How Does Teeth Whitening Work?

Teeth whitening has been a very popular treatment option over the years, thanks to advances in dental technology that enable effective long-term whitening of your smile. The advantages of teeth whitening are numerous and obvious. Apart from having stronger and whiter teeth, it also makes you look younger and more attractive, boosts your confidence and self-esteem, and protects your teeth from plaque, tartar, and bacteria.

Imperfections to your smile are never nice to carry, but modern dentistry has exposed the public to so many different whitening options that it is difficult to determine the best option. So, how does teeth whitening work? 

Let’s dive further into the available treatments and how they work.

What Are The Types Of Whitening Treatments Available?

No matter the type of treatment, all whitening treatments are designed to lift extrinsic and intrinsic stains on your teeth. Extrinsic stains are shown on the front surface of your teeth. Intrinsic stains live inside your enamel and underlying dentin.

To lift them for a whiter smile, here are some of the more common whitening treatments available.

  1. In-Office Bleaching — This is the most common and effective method of tooth whitening. It provides exceptional long-term outcomes and is completed in just one session by the dentist. The dentist employs a highly concentrated peroxide gel that produces quick and safe results. The effects are usually seen right after treatment and might persist for up to a year. Although the procedure is costly, it is well worth it.
  2. Teeth Whitening Trays and Gels – While the desired outcomes of employing trays and gels are less than those of In-Office Bleaching, this is likely the most cost-effective option. The trays include peroxide in the gel, and when worn for a few hours each day, the benefits can be seen in as little as three days to two weeks. Trays should be acquired through your dentist rather than from over-the-counter stores. The main difference between the two is that the dentist’s bleaching delivers faster effects due to the stronger peroxide. Furthermore, the trays are custom-made to fit your teeth, unlike over-the-counter alternatives are unable to adjust to your oral anatomy, creating irritation.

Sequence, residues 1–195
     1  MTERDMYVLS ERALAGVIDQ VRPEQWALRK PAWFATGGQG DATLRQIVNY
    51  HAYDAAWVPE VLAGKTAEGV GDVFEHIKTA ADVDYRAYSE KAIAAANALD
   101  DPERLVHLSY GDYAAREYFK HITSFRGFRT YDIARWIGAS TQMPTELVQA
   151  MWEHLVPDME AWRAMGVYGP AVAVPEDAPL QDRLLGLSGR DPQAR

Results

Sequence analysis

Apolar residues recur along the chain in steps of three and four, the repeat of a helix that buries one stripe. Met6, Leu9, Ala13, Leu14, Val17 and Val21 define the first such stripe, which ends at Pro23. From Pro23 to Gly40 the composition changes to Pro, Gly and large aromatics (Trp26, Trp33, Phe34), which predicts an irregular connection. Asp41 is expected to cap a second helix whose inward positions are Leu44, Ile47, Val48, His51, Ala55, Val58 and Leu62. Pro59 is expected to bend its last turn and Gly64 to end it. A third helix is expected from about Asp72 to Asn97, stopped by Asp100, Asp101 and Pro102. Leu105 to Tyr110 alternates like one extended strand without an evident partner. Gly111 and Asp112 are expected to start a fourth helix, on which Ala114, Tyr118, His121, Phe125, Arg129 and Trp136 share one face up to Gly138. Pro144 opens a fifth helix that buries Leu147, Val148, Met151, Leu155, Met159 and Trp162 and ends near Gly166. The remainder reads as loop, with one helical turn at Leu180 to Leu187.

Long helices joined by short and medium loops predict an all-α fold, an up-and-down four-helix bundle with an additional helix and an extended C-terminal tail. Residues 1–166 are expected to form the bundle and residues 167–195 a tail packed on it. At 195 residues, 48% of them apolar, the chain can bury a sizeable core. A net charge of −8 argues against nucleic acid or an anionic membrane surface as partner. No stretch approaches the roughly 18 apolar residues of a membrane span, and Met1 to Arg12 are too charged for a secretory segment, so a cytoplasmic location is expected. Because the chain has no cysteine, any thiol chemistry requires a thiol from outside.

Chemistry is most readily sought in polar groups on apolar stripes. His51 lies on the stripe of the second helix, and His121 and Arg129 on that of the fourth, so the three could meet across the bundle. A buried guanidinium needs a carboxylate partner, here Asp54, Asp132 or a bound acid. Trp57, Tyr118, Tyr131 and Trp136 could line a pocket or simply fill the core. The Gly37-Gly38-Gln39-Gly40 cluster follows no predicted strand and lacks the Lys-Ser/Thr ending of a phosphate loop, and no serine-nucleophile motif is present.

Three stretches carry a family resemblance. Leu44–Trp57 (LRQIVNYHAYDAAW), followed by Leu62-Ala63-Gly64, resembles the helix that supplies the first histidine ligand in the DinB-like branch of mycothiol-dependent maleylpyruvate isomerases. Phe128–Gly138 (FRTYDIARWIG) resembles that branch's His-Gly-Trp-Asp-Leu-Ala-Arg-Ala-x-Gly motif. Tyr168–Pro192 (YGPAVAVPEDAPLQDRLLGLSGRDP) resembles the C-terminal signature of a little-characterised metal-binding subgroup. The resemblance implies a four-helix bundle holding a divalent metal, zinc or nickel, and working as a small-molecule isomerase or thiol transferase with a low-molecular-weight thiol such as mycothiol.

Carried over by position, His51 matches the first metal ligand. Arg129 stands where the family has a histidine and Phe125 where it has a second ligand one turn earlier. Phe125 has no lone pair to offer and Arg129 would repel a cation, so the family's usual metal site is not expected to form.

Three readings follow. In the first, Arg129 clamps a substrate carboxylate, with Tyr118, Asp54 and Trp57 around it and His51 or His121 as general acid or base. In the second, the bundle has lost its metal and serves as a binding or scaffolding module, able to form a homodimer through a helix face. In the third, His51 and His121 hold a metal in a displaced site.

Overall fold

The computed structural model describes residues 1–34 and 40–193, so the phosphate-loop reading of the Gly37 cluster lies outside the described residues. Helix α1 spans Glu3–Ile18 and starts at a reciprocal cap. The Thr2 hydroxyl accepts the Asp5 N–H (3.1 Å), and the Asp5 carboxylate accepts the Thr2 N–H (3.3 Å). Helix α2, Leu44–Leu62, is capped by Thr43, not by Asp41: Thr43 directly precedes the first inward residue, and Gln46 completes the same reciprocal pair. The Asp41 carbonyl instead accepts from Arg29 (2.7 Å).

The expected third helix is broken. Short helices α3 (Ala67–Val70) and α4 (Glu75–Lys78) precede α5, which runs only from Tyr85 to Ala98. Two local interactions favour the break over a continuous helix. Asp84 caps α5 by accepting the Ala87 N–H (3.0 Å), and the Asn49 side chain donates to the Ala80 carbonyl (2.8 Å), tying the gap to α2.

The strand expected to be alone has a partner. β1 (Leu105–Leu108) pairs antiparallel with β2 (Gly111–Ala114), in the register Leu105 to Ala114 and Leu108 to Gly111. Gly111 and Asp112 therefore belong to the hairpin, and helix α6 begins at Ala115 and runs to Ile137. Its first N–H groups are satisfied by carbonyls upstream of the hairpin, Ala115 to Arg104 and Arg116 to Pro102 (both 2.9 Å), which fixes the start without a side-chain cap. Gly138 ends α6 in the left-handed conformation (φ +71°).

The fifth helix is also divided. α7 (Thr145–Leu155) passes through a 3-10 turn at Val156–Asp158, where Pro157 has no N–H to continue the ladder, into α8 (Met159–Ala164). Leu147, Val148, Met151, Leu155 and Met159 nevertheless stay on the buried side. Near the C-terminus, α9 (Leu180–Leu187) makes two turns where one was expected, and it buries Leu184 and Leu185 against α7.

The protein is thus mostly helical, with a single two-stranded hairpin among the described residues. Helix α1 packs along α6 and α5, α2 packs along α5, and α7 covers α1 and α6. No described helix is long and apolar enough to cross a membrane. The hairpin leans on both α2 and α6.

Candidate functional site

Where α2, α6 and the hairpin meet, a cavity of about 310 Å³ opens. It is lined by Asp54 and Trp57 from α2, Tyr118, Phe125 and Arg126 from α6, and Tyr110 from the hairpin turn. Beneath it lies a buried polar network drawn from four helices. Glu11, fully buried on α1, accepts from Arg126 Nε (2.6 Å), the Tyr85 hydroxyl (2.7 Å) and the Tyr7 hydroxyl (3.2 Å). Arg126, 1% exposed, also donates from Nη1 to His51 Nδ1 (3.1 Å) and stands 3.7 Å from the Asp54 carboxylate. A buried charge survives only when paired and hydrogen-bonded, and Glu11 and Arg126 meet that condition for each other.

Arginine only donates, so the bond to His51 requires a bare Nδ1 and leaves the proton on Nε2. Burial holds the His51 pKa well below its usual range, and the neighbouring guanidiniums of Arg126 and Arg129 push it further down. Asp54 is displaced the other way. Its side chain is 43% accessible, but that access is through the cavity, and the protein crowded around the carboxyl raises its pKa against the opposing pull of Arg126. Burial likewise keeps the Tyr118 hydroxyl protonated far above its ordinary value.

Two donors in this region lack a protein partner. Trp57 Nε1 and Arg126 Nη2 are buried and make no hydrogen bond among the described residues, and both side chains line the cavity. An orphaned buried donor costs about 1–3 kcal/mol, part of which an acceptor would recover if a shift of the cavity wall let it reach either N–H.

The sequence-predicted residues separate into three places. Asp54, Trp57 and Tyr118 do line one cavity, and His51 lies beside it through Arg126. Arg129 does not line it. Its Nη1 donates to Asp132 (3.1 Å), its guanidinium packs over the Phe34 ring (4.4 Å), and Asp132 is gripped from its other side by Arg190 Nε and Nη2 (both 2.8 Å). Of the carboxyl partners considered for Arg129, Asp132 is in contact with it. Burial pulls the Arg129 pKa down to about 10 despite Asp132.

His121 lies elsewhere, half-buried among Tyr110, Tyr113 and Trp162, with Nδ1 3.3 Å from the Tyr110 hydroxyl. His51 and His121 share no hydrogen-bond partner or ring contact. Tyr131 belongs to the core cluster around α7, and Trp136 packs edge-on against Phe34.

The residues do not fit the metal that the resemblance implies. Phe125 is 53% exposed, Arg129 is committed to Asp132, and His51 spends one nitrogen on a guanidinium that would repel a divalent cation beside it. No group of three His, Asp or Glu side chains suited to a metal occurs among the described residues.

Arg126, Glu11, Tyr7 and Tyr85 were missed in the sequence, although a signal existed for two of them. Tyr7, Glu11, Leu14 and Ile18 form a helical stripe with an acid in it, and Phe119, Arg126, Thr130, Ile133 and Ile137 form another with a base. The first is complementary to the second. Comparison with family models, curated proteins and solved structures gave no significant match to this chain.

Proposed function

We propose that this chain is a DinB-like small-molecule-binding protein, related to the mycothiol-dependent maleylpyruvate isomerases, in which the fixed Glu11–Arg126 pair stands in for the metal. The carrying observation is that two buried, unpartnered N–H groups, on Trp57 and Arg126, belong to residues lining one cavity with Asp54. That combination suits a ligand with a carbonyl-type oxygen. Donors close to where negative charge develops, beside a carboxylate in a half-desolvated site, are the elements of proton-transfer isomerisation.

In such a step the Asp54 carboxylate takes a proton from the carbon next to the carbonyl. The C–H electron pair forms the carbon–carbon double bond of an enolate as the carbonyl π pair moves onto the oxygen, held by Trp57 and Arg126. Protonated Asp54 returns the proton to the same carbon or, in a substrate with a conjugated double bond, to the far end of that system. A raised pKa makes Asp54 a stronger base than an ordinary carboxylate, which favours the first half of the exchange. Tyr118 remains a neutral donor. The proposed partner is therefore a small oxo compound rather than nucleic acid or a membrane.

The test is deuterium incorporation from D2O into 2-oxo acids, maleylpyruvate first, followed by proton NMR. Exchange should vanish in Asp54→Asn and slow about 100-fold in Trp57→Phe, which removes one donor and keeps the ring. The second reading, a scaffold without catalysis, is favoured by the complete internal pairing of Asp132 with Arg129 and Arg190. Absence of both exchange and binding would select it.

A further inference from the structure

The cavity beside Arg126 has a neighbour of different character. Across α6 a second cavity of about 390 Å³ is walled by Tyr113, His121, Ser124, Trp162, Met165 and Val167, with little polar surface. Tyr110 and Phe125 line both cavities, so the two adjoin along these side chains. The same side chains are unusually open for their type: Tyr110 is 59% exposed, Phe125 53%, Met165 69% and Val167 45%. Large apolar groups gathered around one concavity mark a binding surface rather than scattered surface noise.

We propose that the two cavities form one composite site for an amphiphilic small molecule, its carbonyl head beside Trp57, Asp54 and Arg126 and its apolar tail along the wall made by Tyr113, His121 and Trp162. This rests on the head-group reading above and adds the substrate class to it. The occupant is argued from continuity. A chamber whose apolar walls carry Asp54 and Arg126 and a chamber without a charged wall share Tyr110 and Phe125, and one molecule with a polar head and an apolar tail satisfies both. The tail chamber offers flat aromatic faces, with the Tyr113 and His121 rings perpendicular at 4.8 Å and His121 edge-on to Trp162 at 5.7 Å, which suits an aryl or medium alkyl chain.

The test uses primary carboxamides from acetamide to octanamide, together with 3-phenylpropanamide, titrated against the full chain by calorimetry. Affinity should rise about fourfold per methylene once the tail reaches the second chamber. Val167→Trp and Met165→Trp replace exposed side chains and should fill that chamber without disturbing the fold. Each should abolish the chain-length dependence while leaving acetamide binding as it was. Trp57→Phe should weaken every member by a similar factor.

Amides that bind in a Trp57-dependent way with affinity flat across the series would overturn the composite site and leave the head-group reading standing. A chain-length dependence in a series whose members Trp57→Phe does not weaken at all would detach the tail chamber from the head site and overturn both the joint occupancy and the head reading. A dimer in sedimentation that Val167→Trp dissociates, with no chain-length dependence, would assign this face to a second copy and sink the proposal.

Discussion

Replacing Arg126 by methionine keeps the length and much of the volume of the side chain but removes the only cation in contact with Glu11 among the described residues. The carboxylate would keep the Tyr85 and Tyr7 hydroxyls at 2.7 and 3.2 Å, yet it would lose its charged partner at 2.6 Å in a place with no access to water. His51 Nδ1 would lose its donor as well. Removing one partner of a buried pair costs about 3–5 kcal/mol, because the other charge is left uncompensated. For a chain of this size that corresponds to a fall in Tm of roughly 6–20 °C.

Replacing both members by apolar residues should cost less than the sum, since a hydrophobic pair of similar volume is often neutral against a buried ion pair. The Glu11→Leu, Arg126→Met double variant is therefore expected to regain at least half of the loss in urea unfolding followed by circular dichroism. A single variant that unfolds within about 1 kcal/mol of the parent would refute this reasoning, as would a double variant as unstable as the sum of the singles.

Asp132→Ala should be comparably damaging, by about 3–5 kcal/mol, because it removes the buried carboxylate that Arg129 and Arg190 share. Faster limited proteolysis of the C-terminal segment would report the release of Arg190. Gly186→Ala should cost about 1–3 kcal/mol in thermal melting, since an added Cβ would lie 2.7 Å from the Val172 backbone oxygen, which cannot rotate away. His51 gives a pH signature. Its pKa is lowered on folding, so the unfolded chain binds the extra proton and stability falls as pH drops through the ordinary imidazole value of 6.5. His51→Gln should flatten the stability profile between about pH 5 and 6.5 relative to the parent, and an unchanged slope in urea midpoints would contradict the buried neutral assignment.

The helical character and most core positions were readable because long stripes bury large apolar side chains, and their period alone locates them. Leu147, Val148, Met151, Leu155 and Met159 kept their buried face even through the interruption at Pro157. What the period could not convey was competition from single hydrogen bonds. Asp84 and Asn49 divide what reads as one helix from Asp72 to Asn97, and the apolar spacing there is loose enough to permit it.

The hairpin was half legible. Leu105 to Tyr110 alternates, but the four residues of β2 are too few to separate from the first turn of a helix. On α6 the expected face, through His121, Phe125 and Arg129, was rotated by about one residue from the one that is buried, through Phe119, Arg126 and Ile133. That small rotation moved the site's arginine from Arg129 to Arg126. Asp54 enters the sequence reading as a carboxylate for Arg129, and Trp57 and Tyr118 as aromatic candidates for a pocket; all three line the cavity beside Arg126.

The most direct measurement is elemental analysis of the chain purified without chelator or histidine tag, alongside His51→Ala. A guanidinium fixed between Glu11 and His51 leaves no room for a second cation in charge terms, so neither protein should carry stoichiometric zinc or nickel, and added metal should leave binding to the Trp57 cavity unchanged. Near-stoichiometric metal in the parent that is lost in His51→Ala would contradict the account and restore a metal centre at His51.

3. Whitening Toothpaste – Surface stains are cleaned with mild abrasives that are included in the toothpaste’s formula. Although special toothpaste does not bleach your teeth, the chemicals in them will increase the efficiency of the toothpaste you use after brushing your teeth. For immediate results, there are certain teeth whitening toothpaste designed to lighten the shade of your smile. It is recommended that you use toothpaste only after consulting with your dentist.

DIY Whitening vs In-Office Whitening

DIY tooth whitening products are advertised as providing rapid results. There are also a lot of illicit products on the market that are dangerous to your oral health. Manufacturers look at chemicals to whiten your teeth without doing any research into which ones are hazardous and which are not. Citric acid is an example of a substance that may give immediate results but damages your enamel over time and cannot be replaced. As the underlying dentine begins to re-produce, your teeth will naturally turn yellow. The consequences of these compounds have not been well investigated, putting your oral health at risk.

With in-office whitening, active chemicals are used to eliminate stains from your teeth. Your gums will not be irritated, and your smile will become transparent and healthy. After treatment, you may experience some sensitivity, but your teeth will eventually rehydrate and nourish themselves, alleviating your pain.

Getting your teeth whitened at the dentist offers more advantages than utilising over-the-counter teeth whitening solutions like teeth whitening strips, which pose more risks to your oral health due to the unknown chemicals used in their manufacture.

Understanding How Teeth Whitening Works

There are many teeth whitening products marketed that contain peroxide molecules. Hydrogen peroxide, for example, is the bleaching whitening agent designed to lift stains off of your teeth by breaking them apart. When the stains are broken apart, the bleach is then carefully applied to your teeth to lighten your tooth shade.

The dentist may also add fluoride to help strengthen your tooth enamel and to help minimise any tooth sensitivity post teeth whitening treatment.

What’s The Best Option?

To get not only the best results but the preservation of strong dental health, professional in-office bleaching is recommended. With in-office bleaching, you’re left in the dentist’s capable hands, and you can be sure that the products used are safe and support long-term dental health.

If you’re seeking further support with whitening your teeth, learning more about the available options, or how teeth whitening works, consult your local dentist for professional advice. Alternatively, book yourself in for teeth whitening treatment at the dentist today!

Disclaimer: The content provided on this website is intended for general informational purposes only. It is not intended to be a substitute for professional advice tailored to your specific needs and circumstances. Any reliance you place on the information provided in these blogs is, therefore, strictly at your own risk. We shall not be held responsible for any loss or damage resulting from the use of the information provided on this website.

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